Since I’ve been a user of Facebook, I’ve come to ‘know’ quite a few people who have had less than happy upbringings for various reasons. I know that alcoholism and abuse has been prevalent. I personally know people who have had very bad backgrounds involving things that I could never have imagined in my childhood. Years ago, I worked in a children’s home and although we loved the children there during my time, there is no doubt that some of the home’s residents did not have good experiences in the care system, some being passed from one foster home to another and some went home again to face life with an abusive step-parent. These are common stories I know – sad, but true.
I would imagine that ‘Mothers’ Day’ means something quite different to so many. They have no cause for celebration; recalling their childhood means experiencing pain and heartbreak. And yet, many still think of the mother they had and in spite of everything, there is still some love, some longing, for something they could have had but never did. It is those people I’m writing for today. I know I’ve barely touched the surface, can never really know the suffering of a painful childhood, but I want them to know that I think of them in sympathy and admire those who have been strong enough to overcome their terrible starts in life in order to become good mothers and fathers today, bringing up their own children in a way they never experienced, in love, security and the protection they deserve. These people are today’s true heroes.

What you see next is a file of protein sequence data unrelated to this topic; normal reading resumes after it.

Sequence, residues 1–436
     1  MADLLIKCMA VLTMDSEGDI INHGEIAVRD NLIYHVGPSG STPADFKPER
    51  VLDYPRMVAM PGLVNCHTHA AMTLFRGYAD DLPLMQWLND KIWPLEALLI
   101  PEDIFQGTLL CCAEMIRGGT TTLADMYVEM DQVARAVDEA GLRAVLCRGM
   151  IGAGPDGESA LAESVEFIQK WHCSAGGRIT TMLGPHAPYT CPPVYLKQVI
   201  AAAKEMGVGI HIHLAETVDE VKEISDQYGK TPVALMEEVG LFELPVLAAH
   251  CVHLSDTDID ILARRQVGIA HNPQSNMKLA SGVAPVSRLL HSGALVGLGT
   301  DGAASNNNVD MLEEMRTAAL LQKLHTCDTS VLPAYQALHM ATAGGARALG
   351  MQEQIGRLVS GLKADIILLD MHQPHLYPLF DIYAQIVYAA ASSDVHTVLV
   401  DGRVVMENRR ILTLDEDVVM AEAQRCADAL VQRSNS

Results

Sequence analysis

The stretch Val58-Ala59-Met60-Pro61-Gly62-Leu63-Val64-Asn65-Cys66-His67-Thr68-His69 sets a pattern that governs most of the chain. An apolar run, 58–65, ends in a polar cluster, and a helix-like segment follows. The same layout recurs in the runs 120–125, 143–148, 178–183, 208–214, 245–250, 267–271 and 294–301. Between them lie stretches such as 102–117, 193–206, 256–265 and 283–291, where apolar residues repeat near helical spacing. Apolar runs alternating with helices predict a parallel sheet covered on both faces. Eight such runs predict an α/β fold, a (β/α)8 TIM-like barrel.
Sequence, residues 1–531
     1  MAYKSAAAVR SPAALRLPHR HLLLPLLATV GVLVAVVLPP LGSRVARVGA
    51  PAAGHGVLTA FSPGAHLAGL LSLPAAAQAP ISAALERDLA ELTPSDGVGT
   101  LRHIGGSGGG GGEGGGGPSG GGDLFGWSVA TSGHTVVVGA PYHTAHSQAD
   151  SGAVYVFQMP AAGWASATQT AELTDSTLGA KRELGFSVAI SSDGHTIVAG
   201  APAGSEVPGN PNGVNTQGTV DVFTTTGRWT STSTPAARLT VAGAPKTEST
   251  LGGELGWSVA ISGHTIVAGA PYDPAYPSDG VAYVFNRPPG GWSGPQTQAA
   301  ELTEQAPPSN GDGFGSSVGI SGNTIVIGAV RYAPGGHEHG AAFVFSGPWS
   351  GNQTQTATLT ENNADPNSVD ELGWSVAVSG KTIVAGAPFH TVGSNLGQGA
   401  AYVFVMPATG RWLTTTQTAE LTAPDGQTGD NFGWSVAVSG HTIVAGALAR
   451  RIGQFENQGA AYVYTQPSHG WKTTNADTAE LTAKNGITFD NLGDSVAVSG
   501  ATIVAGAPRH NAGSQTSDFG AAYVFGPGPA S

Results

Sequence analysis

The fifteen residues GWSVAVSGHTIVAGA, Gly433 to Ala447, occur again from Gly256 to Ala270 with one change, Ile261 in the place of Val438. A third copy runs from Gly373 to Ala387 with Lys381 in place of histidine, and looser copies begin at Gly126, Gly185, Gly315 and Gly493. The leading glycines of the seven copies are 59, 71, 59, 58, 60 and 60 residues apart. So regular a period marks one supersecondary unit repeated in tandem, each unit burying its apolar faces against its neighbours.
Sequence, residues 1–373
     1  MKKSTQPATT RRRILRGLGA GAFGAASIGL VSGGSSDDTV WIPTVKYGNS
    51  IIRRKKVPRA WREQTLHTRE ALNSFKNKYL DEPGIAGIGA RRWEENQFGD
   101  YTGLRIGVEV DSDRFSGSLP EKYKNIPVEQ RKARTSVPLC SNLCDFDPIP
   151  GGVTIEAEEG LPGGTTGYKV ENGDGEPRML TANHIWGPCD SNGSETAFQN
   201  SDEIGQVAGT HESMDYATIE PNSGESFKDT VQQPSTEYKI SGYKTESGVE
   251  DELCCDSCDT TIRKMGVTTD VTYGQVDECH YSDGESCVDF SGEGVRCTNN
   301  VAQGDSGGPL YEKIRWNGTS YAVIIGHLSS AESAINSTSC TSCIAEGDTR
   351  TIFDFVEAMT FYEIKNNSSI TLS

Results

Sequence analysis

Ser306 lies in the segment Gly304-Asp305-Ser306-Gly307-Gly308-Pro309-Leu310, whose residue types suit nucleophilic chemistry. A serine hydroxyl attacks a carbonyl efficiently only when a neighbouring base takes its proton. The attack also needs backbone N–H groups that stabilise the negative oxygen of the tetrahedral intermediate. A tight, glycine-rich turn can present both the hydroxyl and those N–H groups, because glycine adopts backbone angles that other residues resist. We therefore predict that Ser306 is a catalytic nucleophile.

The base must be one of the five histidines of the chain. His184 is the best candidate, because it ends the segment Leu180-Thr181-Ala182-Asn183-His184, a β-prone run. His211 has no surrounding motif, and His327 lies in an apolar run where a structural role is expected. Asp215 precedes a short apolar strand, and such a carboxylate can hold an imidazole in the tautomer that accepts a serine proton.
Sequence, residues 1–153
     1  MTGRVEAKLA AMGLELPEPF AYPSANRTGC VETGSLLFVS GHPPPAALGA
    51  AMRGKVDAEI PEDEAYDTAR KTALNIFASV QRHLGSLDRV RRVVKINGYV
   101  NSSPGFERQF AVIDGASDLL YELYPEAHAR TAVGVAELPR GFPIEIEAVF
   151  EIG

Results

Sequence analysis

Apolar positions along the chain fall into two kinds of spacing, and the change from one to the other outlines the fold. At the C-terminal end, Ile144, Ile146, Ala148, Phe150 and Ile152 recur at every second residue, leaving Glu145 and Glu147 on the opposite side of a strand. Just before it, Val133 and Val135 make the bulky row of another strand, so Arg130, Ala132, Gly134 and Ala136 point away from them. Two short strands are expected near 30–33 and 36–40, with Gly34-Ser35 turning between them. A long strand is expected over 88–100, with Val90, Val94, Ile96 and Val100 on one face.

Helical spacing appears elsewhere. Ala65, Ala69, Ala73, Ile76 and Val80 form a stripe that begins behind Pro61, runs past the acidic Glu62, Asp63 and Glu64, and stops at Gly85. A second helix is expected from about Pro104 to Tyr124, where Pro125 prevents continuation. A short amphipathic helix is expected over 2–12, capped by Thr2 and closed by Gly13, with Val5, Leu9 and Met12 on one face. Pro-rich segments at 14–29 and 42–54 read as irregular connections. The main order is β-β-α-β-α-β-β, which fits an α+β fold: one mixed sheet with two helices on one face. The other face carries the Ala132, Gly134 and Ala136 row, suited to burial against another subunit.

I bought this book at least a year ago. Frankly, I was avoiding reading it because I felt it was going to be a traumatic experience, knowing it to be a true story. This weekend, however, I took the bull by the horns and decided to go for it. I thought it would be hard to read but actually it was very easy. The author wrote it in a style that made you feel that she was talking to you personally, as if sitting in the same room, sharing a pot of tea.
I have always said that it would be the most terrible thing if one of my children died before me but I am fortunate indeed that all of my children are still alive; as yet I have not had that experience. It’s hard to know exactly the anguish that Dave and Louise Rule went through, seeing their beloved son die the way he did; as a mother, I can understand some. Louise tells their story in such a way that it’s almost dispassionate but we can feel that this is not a woman who will scream and shout and make everyone know her pain. One felt for her desperately that she didn’t get the help that she so needed when she finally saw the bereavement counsellor – what point is a counsellor like that? The reader is also confused and angry at their consultation with the registrar.
Somehow, I managed to read most of it dry-eyed, except one bit had me in tears. I shed them because I felt Rob’s trauma, his realisation, and Louise’s pain. Very moving. I was reading this book at a time when I was myself ill and it left me thankful that my illness was nothing. I knew I would get well; Rob didn’t.
At the end of the book, Louise talks about organ donation and her investigations into skin donation, something she had never heard of and neither had I. A very worthwhile book and I wished I’d read it sooner.
From time to time I write my memories of my childhood living in Norfolk. I call these my ‘Norfolk Reflections’. Here is the latest:
Moving Experiences (or Not)